Delta Landforms

An aerial view of the Red River and mountains near the Lake Clark coast
An aerial view of the Red River and mountains near the coast Lake Clark National Park and Preserve, Alaska.

NPS Photo

Where rivers provide large quantities of sediment to the shore, estuaries are filled and river sediments are discharged directly into the ocean. If the rate of sediment supply exceeds the rate of sediment removal by waves and tidal currents, a buildup of sediment occurs at river mouths. These deposits, which commonly assume triangular shapes in planar view, are termed deltas because they resemble the Greek capital letter delta (Δ).

In actuality, not all deltas display the classic “delta” form. This characteristic shape develops typically at river mouths, where waves and tides do not influence the amount of sediment supplied by the river. Such systems, exemplified by the Mississippi River delta, are called river-dominated deltas. Waves dominate riverine deposits in coastal areas where wave energy is high. Wave erosion and strong longshore currents disperse the sediment away from the river mouth, producing a relatively straight coast with only slight seaward bulges of the shoreline. In some regions, a large tidal range overshadows river and wave effects, creating tidal-dominated deltas. The strong flood and ebb tidal currents rearrange the river-supplied sediment into long, linear submarine ridges and islands that tend to fan out from the river mouth, creating funnel-shaped basin geometries.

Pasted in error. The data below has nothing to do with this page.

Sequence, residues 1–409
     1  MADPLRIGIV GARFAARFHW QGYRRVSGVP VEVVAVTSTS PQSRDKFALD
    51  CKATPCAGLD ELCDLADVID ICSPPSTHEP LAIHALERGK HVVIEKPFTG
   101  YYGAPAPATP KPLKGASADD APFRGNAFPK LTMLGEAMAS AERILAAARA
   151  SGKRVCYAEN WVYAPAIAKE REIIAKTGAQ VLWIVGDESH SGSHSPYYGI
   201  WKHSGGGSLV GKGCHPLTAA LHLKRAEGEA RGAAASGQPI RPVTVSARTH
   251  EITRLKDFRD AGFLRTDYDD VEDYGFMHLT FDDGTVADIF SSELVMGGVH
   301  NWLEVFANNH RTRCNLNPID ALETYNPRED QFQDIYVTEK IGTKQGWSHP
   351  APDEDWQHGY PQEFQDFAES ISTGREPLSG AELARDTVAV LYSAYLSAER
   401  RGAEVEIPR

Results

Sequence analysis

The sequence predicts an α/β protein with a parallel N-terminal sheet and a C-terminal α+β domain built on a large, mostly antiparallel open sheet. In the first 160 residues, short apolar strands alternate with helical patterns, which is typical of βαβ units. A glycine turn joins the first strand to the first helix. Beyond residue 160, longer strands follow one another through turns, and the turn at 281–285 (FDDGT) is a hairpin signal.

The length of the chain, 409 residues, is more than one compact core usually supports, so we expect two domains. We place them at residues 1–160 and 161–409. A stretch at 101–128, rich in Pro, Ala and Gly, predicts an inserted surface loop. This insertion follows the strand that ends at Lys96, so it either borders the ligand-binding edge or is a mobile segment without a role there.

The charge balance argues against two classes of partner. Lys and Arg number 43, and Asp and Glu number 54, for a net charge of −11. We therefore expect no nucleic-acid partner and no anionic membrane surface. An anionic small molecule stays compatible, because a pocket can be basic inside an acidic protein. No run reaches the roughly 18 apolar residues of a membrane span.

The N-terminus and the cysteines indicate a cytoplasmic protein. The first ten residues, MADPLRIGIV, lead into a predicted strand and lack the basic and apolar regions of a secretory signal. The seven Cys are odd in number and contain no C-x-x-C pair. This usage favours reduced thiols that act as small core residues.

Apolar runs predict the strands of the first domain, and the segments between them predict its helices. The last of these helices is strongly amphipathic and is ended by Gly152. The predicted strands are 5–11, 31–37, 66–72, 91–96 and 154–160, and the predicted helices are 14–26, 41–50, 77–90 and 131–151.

Delta Landforms in Parks

Part of a series of articles titled Beach and Coastal Landforms.

Last updated: March 20, 2019